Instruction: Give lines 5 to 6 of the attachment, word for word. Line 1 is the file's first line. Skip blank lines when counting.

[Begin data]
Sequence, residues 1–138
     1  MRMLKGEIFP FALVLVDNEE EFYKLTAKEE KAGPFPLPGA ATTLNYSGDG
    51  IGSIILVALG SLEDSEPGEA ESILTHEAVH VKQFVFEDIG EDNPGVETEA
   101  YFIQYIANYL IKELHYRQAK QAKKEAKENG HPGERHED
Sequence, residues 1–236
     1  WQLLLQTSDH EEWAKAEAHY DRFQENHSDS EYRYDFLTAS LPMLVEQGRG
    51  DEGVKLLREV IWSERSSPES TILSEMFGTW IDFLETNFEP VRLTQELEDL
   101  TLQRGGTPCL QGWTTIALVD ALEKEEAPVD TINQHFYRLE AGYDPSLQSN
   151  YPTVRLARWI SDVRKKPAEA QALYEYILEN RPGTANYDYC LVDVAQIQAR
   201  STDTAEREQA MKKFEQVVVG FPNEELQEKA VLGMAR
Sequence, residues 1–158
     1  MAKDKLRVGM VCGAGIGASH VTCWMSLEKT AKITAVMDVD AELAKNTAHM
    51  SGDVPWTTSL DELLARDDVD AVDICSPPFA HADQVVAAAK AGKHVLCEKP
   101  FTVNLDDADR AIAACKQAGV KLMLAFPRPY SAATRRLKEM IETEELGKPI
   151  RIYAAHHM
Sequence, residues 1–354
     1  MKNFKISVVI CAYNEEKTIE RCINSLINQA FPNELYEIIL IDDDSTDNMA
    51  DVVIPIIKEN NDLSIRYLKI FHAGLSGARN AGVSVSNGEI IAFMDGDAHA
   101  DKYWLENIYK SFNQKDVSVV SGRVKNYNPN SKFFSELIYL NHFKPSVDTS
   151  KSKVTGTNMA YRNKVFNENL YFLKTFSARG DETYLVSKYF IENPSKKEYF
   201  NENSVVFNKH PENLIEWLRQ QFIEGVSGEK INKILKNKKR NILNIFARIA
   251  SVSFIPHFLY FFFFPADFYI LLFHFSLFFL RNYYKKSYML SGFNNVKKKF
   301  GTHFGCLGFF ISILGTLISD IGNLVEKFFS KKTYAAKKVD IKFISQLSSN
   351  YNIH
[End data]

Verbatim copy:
Sequence, residues 1–236
     1  WQLLLQTSDH EEWAKAEAHY DRFQENHSDS EYRYDFLTAS LPMLVEQGRG